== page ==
Cultural etiquette guide to New York
Learn to act like a true New Yorker with our insider tips. Read on for how to avoid pizza-eating embarrasment and why you should make friends with your restaurant hostess.
Want to order off the menu like a pro and treat yourself to stunning cocktails you won't find anywhere else? Read our insider guide to New York City for top tips you won't get from your standard guide book.
How to tip in New York City
When in doubt, always tip at 20 percent and preferably in cash, but servers, baristas, and bartenders will gladly accept a tip you via card if that’s all you have on you.
How to eat pizza in NYC
If you don’t want to look like an outsider, never ask for a fork and knife to eat your pizza. Because New Yorkers are always on the go, we grab the slice, fold it in half lengthwise, and chow down. The folding method also helps avoid the mess of gooey cheese, loose toppings, and red sauce from spilling all over the place.
How to order a sandwich
While ordering a sandwich, you might feel overwhelmed by the choice of breads, meats, veggies, cheeses, and condiments – and at the speed you need to make your decision. Take your time and make the sandwich of your dreams. If you’re unsure about the combo you created, just ask the server if the ingredients you selected make sense.
Restaurants, who does what
At most restaurants, hostesses, servers (waitresses/waiters), and bussers work together to orchestrate the best hospitality for guests. A hostess is the person who greets you as you come in, takes your reservation and seats you at a table with menus. Then, your server (waitress/waiter) will come to your table to greet you and take your order.
If it’s a particularly busy night, a busser might be the one delivering the dishes to your table. Typically, if you ask a busser for something like ketchup, they’ll either grab it for you or let the server know. When you’re ready to pay, ask your server for the bill or check. Whatever you do, don’t be rude to the host/hostess. Chances are, if a restaurant’s dining room is fully booked, you’ll be able to sit at their bar while waiting for a table.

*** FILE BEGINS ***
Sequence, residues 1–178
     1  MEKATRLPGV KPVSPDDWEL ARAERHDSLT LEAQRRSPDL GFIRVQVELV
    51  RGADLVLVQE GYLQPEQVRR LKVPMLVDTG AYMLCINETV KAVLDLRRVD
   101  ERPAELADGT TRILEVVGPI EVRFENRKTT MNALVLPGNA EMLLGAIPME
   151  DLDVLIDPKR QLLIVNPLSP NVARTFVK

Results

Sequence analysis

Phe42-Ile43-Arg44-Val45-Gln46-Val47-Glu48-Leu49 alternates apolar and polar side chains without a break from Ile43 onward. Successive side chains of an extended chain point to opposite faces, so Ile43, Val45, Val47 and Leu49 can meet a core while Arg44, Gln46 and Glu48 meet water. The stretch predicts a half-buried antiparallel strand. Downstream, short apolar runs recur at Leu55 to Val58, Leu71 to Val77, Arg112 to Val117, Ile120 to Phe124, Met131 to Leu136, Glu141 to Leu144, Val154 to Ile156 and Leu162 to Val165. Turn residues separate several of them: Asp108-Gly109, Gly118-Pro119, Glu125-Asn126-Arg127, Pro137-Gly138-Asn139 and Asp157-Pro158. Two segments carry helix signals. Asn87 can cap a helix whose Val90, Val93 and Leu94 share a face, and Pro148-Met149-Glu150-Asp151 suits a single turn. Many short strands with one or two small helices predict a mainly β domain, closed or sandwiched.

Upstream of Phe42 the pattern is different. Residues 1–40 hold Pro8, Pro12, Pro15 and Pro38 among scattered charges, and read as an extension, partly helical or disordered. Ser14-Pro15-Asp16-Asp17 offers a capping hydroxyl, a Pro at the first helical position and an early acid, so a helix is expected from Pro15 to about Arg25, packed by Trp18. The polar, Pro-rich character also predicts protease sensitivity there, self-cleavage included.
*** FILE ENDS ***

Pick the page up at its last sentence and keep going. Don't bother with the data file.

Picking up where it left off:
If you’re used to ordering a ‘flat white’ or ‘white coffee’ but don’t see that on a menu in NYC, don’t worry. We call them lattes here. At most places, you can choose either soy, whole, skim, almond, or even oat milk. If you’d like to enjoy your drink at the coffee shop, let them know you want it in a ceramic mug. Otherwise, it’ll be served in a paper takeaway cup.
Bodega or deli
You’ll see ‘bodegas’ and ‘delis’ in every neighbourhood. Depending on the area you’re in, the names for these stores are used interchangeably but it’s good to know the distinction. Bodega is the Spanish word for warehouse. When Spanish-speaking people emigrated to New York, they used bodega to describe small stores selling various items including packaged food, beverages, cigarettes, newspapers, detergent, candy, beer, and sandwiches, and produce.
Deli is is used to describe a place that sells sandwiches, beverages, and other grab-and-go foods with a few tables for patrons. Because the terms are now used interchangeably, you really can’t go wrong calling these iconic stores either.
Make sure you bring cash if you don’t want to spend over $5. At most of these places, if you want to use a debit/credit card, you have to meet a minimum of $5 to $10.
Make sure you check if a restaurant or bar is cash-only. Some cash-only places have ATMs inside, but it’s always a good idea to carry some cash.
How to order well
When ordering from an extensive menu, always ask the server about their most popular dishes or drinks. In New York City, you’ll find that bartenders, servers, and bodega owners want to create bespoke experiences for patrons. Don’t stick to classic cocktails – bartenders love when people are excited about the speciality drinks they created.
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